With photos by staff member, Susie Marchand.
“In nature, nothing exists alone…”
— Rachel Carson, 1962
When the country, along with the state of Vermont, seemed to shut down around us this past spring, people sought out our trails in record numbers. Perhaps you came and found inspiration during this time? When we were told to stay safe and isolate, nature and the outdoors became solace for many. Several months into the pandemic, our community is still enjoying this beautiful landscape and National Historic Landmark.
You can meander through woodlands, pastures, lakeshore, and the formal gardens, all framed by the farms’ historic buildings. The walking trails are an integral part of connecting people to the land and fostering a sense of place, which are central to our educational mission. When you visit and experience the landscape today, consider the long history of those who walked the land before you, from the Abenaki, the First Peoples of this place, to the early farmers, each following the rhythms of the four seasons. When the private agricultural estate was bequeathed to the nonprofit in 1984, a host of programs followed and the nonprofit began planning for ways to share the property more broadly. Walking trails were part of that plan.
The public walking trail system began thirty-five years ago, in September 1984, with a single path leading from the Farm Barn up to the top of Lone Tree Hill. Public access to the property grew with the establishment of the Farm Store & Welcome Center in 1986. Between 1986 and 1992, five additional miles of trail were established using secondary roads and mown paths through fields. Today, the trail system includes over 10 miles of paths and trails.
Whether you enjoy our trails regularly, would like to experience them virtually, or are considering a visit, here are some of the more scenic vistas and views along the way. NOTE: Walking trails are open daily. There are no public restrooms, water fountains, or bottled water available on the property. Please plan accordingly. More walking trail information.
1. Lone Tree Hill. (See map at bottom of blog for numbered locations.) The Farm’s highest point offers great views of the Inn, Lake Champlain, Adirondack Mountains, and Green Mountains. It is the site of The Lone Tree Hill memorial, originally built in memory of Derick V. Webb who donated Shelburne Farms’ land and buildings to the nonprofit in 1984.
2. Sheep’s Knoll. Vistas of the Green Mountains to the East (Mount Mansfield is in center of this photo), pastures, woodlands, wildlife, and the Farm Barn are among some of the views from Sheep’s Knoll. The rustic bench here is one of several found along the trail routes. Each is made from rot resistant woods harvested from Shelburne Farms trees: Cedar (benches and backs) and Black Locust and White Oak (pegs).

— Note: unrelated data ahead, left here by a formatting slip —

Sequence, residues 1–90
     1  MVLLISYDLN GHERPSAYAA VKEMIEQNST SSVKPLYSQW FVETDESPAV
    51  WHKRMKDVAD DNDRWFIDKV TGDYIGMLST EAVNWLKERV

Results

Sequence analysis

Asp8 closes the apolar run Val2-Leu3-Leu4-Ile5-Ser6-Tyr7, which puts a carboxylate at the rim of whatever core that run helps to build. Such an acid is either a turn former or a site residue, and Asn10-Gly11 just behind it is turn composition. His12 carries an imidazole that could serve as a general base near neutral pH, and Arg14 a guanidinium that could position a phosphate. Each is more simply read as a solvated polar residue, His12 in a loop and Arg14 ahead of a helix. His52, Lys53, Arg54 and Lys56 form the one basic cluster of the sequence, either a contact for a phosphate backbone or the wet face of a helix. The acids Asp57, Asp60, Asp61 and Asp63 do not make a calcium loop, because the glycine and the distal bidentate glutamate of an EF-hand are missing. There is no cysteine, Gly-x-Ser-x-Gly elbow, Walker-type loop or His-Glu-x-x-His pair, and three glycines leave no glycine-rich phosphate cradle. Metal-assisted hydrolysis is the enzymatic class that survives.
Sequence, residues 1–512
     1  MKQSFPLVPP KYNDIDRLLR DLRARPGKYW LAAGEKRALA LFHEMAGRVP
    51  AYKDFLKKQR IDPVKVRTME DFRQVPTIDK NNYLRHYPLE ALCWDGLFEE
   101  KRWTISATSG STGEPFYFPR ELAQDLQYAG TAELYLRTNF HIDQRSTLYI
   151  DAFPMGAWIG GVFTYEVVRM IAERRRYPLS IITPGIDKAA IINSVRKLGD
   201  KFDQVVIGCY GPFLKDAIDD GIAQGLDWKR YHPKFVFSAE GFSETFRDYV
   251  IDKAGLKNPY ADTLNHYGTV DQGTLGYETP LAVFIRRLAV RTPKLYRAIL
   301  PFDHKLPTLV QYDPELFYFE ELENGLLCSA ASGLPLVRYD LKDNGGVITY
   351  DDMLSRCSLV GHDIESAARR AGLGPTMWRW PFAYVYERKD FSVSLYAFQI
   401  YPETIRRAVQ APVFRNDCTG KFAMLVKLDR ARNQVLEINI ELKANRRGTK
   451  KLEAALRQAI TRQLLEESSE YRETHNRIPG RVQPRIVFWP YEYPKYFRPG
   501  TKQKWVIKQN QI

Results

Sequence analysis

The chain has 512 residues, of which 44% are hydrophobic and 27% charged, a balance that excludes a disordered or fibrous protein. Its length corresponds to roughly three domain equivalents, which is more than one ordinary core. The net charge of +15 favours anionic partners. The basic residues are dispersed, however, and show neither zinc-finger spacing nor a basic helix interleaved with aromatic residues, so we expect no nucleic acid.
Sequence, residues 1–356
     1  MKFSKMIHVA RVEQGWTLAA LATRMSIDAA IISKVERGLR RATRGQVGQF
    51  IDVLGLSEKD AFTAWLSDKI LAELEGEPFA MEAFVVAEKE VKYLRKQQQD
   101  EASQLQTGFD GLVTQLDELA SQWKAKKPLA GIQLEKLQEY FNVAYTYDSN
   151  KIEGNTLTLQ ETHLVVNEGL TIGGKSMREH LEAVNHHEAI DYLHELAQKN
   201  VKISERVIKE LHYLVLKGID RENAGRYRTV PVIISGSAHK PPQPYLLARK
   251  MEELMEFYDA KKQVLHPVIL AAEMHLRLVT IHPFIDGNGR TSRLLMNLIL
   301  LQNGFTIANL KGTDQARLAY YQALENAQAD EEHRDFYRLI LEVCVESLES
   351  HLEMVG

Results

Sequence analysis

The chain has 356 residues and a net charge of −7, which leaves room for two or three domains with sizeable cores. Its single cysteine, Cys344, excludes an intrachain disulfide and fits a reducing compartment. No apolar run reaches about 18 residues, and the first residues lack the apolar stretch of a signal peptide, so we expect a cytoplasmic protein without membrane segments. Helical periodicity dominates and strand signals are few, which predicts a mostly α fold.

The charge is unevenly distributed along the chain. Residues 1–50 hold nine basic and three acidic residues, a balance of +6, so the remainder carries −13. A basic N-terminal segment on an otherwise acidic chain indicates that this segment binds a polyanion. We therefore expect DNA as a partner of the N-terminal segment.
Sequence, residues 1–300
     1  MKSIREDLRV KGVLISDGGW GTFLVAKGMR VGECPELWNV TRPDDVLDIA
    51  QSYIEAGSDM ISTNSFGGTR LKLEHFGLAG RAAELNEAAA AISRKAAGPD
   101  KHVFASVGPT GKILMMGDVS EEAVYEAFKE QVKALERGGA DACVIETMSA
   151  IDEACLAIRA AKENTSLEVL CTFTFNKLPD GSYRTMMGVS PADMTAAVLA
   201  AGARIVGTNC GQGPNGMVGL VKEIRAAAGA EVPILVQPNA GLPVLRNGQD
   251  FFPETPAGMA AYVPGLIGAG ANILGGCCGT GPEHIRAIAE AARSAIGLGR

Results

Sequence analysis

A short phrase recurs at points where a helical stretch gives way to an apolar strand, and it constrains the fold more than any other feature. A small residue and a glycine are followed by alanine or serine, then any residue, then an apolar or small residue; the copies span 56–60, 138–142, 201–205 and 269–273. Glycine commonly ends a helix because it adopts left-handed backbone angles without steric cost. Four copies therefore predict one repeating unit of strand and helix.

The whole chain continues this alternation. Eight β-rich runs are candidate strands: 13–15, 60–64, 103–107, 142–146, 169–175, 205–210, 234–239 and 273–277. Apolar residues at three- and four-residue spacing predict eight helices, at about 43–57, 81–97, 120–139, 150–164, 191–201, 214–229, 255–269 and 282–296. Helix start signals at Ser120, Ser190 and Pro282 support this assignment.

3. Cows in pasture. Along several paths, you can skirt farmland and pastures where you may see our Brown Swiss dairy herd or flock of sheep grazing. You may even encounter some of the wildlife that inhabits the forests and farm, like the nesting osprey near the Farm Store & Welcome Center.
4. Lake Champlain - North Seawall. The North Gate Path meanders along pastures, through a wooded area and brings you along the edge of our working Dairy and on to a stretch along Lake Champlain. It is approximately 1-3/4 miles from the Farm Store to this point along the lake. The trail continues on from here!
5. Formal Gardens at the Inn. You are welcome to take a detour on the North Gate Path to visit the formal gardens at the Inn where you can stroll through the terraced, Italianate designed garden filled with an abundant variety of plants and flowers that bloom from spring through early fall! The formal gardens’ original creator, Lila O. Webb loved to invite the public to view the gardens throughout the summer during the 1920s and 1930s, and the gardens have undergone extensive restoration over the past decade. This scenic promontory was once a lookout for the Abenaki and later part of an apple orchard on the Horace Saxton farm (pre-dating the Webbs’ purchase in 1886). [NOTE: If enjoying the property on foot is not possible for you, you can request an accessibility pass.]
6. Butternut Hill. Walking the woodland routes, you will often be beneath the tree canopy of this mature northern hardwood forest. You may notice small wildlife, as well as the sap lines of our maple sugaring operation . This photo captures a section of Butternut, a one-mile loop winding through the forest.
What’s your favorite spot along our trails? What interesting things have you seen? Tag us on social media with your post: #walkingshelburnefarms.